The 2020 T20 World Cup in Australia is likely to be postponed to the year 2020, with the October-November window going to the IPL this year. A formal announcement will possibly be made after the all-important board meeting on Thursday (May 28).
The coronavirus pandemic has had large scale implications on the existence of sport around the globe, including domestic and international cricket. This year, two major cricketing events were on the cards – the IPL in the Indian summer followed by the World T20 Down Under. However, the rising number of positive cases in India meant that the BCCI had to postpone the mega event indefinitely.
“There is a good chance that postponement of World T20 will be decided during Thursday’s board meeting. Whether there will be a formal announcement or not is the question,” an ICC board member told PTI on conditions of anonymity.
In a tense situation like this, cricketing boards across all participating teams will be hesitant to send their teams to another country and expose their players to the risk.
“There is very little chance of World T20 going ahead in this situation. I don’t think either Cricket Australia or the top boards will mind,” he added.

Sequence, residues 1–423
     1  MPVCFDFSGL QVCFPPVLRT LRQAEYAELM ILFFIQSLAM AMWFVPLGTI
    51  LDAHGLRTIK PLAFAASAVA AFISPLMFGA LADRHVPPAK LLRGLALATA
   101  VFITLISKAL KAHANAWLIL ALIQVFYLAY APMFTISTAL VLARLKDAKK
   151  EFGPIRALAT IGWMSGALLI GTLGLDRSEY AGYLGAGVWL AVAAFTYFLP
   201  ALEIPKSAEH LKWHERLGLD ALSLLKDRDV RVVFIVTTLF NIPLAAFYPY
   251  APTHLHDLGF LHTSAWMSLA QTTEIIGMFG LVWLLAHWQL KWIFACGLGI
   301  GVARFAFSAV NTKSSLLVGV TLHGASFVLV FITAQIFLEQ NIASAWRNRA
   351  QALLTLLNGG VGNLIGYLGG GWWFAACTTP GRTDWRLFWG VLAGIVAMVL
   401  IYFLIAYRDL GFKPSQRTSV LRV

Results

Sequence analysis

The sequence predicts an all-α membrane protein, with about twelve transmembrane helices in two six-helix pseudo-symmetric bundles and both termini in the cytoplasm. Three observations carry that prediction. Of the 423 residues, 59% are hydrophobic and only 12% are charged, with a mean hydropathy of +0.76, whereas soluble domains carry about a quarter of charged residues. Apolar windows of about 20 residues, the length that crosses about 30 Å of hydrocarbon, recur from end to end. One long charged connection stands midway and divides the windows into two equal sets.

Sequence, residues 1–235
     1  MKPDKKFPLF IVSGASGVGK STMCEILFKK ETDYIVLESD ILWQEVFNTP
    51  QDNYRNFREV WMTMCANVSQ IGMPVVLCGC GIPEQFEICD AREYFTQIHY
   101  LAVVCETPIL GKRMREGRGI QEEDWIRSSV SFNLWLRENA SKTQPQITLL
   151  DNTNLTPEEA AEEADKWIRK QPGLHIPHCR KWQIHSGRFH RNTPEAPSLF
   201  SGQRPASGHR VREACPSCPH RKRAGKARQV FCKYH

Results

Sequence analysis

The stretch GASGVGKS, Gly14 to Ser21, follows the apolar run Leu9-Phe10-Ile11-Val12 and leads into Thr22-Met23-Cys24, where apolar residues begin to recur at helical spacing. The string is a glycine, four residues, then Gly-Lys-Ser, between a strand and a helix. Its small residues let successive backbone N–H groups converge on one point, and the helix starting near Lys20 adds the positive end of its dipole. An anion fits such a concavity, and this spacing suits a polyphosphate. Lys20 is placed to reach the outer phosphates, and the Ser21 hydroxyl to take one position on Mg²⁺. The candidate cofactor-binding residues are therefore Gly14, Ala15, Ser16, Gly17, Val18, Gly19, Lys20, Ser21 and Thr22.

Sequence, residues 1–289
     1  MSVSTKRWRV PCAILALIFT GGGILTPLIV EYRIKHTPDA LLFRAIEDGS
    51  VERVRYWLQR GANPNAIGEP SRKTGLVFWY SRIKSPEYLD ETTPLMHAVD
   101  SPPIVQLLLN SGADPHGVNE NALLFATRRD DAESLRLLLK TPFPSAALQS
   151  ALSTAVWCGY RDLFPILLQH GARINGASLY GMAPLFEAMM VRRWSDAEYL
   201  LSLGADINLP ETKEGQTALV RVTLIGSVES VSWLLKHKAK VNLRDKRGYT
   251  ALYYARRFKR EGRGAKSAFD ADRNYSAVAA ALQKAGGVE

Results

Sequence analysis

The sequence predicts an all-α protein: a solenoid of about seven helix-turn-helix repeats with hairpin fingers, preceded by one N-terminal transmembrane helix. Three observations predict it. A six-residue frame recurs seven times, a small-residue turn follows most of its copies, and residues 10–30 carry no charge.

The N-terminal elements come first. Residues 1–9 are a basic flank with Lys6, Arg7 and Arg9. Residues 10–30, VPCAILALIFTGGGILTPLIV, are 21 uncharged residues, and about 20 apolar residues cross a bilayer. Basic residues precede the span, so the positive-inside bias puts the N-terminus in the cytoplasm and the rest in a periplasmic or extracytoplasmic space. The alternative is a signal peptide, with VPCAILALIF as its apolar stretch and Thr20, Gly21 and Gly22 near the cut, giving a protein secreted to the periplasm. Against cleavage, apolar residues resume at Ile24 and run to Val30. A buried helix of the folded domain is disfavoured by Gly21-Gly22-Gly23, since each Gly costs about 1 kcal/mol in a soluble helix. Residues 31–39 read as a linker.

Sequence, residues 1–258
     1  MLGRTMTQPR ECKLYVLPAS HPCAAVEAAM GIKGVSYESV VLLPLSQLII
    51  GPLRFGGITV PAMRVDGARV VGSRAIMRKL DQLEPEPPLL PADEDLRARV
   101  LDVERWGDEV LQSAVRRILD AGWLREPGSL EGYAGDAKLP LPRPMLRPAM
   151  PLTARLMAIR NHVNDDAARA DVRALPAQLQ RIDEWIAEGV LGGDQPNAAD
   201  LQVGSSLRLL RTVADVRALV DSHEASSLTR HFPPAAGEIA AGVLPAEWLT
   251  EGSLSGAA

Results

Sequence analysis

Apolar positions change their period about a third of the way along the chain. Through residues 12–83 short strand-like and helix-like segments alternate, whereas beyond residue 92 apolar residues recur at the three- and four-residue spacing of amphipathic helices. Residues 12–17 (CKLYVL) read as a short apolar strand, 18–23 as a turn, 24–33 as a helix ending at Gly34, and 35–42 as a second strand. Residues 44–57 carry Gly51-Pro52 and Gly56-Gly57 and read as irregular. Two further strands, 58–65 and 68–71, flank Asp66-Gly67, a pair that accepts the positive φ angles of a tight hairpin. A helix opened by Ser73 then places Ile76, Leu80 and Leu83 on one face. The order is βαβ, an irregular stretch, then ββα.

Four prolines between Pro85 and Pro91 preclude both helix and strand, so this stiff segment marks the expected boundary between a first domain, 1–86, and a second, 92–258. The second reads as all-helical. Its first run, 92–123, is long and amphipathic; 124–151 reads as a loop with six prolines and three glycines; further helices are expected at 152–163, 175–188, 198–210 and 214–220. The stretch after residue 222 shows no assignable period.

If formalised, the decision to postpone the T20 World Cup to early 2022 will make way for cricketing boards to set up their bilateral ties in the meantime. India are likely to proceed with their Australia tour at the end of the year, given their safety protocols are taken care of.
A tricky road ahead
The move could also mean that India may end up hosting the 2021 T20 World Cup in their own backyard, with two IPL seasons preceding and succeeding the tournament. Whether this is the right thing to do from a financial perspective is also something the boards will look at. Another aspect that needs to be considered is that of the broadcasters, Star Sports, who own the rights to big-ticket ICC events, BCCI’s ‘India Cricket’ tournaments and the IPL as well.
If somehow, the IPL does happen, it will not be without its fair share of rules and regulations. The BCCI will have to tweak the scheduling in a manner that reduces public exposure and infection risks to a bare minimum.
Firstly, the number of venues could be limited to a certain number, especially if they’re closely located. Secondly, players and teams coming in from different countries will have to complete a mandatory quarantine period of 14 days. Thirdly, the event, in most probability, will have to be a ‘closed-door’ event, thereby keeping fans out of the loop. Lastly, the number of double-header games could be increased to fit the tournament in a lesser timeframe.
Apart from this, the focus of the ICC will also be on discussing tax exemptions for the 2021 T20 World Cup with the BCCI and the nomination process for electing a new ICC chairman.